The Georgia Chamber of Commerce took no position on the original version of House Bill 170. But the state's largest business advocacy organization has endorsed subsequent versions, and Georgia Chamber CEO Chris Clark said Monday that annual spending for highway improvements in the state needs to be increased by $1 billion.
"Our position has been, let's do something substantial, one time, so then we can go out and get the work done," Clark told the Statesboro Herald. "So we really feel strongly that we need to be at a billion-plus, both from existing funds, from bond funds, from the new excise fee.
"I think if you do that, then you make a difference," he said. "If you don't, you're making the problem worse, I think."
Clark, previously a ranking executive in two departments of the state government, is a graduate of Georgia Southern University and serves on its foundation board. As Rural-Urban Day speaker at the Statesboro Rotary Club, he made only general remarks about transportation, but was interviewed afterward about the bill that could become the Transportation Funding Act of 2015.
House Bill 170 takes Georgia's current mix of per-gallon excise tax and per-dollar sales tax on motor fuels and replaces these with a higher per-gallon tax. This tax would be adjusted periodically based on national fuel efficiency and highway construction cost indexes.
The starting point would be 29.2 cents per gallon on gasoline and 33 cents on diesel. Currently, the gasoline excise tax is 7.5 cents per gallon, the state sales tax is 4 percent of the price, and most places there are also local sales taxes of 3 or 4 percent.
In its original version, the bill would also have abolished the local portion of sales taxes on motor fuel, at least where these had to be approved by voters in future referendums. County commissions, city councils and school boards could have replaced these with excise taxes of 3 cents per gallon plus, with approval from local voters, an additional 3 cents.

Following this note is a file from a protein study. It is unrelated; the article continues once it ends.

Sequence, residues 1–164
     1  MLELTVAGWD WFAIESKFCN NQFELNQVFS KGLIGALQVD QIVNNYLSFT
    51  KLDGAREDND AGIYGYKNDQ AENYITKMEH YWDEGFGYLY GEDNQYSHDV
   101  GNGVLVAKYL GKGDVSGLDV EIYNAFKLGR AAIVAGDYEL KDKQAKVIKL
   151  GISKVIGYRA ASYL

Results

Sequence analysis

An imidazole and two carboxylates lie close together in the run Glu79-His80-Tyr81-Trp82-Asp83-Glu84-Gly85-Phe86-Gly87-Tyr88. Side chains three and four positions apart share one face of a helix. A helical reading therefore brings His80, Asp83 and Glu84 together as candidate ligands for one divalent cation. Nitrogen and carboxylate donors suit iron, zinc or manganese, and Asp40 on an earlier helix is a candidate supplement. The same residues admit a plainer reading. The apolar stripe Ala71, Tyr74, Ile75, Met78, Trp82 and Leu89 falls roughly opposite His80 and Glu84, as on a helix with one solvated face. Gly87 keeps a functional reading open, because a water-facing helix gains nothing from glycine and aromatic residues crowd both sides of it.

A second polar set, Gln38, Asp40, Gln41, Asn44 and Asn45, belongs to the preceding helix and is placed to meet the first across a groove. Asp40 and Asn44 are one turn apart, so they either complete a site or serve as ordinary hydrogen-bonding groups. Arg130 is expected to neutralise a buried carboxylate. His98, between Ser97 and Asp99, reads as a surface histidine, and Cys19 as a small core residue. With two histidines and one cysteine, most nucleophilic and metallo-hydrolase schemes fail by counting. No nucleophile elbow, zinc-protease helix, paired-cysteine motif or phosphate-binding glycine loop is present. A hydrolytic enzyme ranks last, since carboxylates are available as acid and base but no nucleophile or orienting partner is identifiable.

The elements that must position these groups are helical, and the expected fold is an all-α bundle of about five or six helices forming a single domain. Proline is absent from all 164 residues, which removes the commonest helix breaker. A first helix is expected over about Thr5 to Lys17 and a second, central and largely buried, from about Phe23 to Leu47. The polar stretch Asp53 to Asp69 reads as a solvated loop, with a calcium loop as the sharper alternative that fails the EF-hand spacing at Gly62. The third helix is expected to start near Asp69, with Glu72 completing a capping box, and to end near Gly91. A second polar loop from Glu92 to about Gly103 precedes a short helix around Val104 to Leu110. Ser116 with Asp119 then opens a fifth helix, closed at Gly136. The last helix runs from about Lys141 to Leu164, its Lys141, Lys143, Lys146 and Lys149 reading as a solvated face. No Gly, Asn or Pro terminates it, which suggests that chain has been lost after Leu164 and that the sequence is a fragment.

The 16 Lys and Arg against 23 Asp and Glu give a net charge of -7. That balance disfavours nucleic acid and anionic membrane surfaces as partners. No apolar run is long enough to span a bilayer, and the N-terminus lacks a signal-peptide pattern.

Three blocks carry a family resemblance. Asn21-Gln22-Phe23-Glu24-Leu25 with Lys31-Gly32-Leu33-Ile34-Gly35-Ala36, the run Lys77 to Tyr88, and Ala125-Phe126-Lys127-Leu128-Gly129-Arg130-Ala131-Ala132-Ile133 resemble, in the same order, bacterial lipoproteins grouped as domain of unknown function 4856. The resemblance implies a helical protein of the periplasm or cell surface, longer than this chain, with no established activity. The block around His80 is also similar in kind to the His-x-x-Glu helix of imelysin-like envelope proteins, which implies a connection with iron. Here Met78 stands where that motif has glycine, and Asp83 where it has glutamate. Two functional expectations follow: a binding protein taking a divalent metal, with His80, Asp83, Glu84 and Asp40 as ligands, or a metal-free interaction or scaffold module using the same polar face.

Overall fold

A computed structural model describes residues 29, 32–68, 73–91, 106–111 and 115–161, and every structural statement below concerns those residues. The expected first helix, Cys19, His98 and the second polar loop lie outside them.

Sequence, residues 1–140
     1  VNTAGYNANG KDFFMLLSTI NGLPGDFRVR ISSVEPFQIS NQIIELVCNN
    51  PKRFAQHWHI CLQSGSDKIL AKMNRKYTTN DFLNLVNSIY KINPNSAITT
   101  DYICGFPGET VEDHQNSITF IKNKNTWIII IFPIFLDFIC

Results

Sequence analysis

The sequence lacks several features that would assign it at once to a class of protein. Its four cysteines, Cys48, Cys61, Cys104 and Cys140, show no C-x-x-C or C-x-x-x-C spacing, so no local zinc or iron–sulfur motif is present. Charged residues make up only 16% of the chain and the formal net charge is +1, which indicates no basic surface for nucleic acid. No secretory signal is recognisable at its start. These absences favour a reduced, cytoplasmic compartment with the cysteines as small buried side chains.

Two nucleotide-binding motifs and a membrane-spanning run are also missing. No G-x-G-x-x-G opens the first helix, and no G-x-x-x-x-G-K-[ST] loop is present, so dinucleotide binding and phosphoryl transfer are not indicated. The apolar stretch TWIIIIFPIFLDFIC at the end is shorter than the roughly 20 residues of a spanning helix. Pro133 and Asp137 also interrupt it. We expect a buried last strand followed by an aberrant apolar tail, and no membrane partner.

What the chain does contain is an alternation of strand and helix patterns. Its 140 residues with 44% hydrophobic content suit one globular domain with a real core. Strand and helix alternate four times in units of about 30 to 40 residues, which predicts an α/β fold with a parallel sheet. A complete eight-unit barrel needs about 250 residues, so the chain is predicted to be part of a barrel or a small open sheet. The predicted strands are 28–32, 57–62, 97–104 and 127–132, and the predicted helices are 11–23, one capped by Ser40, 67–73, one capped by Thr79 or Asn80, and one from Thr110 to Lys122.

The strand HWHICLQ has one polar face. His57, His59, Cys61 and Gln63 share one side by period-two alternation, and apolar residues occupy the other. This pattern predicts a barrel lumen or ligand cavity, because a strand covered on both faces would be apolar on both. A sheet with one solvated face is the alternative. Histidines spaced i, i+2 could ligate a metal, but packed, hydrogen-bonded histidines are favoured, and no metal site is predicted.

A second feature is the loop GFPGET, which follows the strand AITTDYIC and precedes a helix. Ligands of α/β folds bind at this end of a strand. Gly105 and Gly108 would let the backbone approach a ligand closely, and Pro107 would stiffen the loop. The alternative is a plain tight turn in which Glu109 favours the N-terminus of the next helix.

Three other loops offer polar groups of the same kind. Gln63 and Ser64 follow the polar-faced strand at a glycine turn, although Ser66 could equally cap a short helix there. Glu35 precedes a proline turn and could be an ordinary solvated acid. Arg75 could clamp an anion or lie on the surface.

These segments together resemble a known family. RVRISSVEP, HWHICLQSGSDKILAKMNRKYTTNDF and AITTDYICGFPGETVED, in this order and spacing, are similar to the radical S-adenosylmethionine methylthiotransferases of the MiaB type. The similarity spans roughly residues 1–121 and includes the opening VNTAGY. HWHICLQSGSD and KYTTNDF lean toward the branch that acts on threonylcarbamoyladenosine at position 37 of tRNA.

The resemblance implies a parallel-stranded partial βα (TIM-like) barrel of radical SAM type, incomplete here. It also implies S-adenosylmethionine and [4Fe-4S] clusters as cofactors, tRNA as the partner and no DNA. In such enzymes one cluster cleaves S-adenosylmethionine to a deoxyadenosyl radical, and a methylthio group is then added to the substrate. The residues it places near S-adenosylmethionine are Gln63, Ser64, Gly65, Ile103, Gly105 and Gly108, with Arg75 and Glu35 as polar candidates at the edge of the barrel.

However, after many city and county officials objected, the House Transportation Committee replaced that version of the bill with a substitute Feb. 19. The Georgia Chamber, which has 27,000 members ranging from individuals through corporations, including direct members and the members of every local Chamber of Commerce in the state, supported that first substitute version.
"The last thing you want to do is hurt the cities and counties or your school boards, and we've been a big advocate of saying, find the right model for them while making sure that we've still got the dollars we need for transportation," Clark said.
He expected a second substitute bill to be voted out by the House Transportation Committee later Monday afternoon.
"We did support the last substitute and we voted to scorecard it, and so we'll review the bill again this afternoon, and my hope is that we'll continue that scorecard position to support the bill," Clark said.
The first substitute would have restored the ability of local governments to collect sales tax on gasoline while requiring that this portion of sales tax revenue be devoted to transportation purposes. For school systems, school bus transportation, including the ability to spend fuel-derived sales tax to pay drivers, would be included. Cities and counties could also spend the money on transit systems, instead of just on roads and bridges.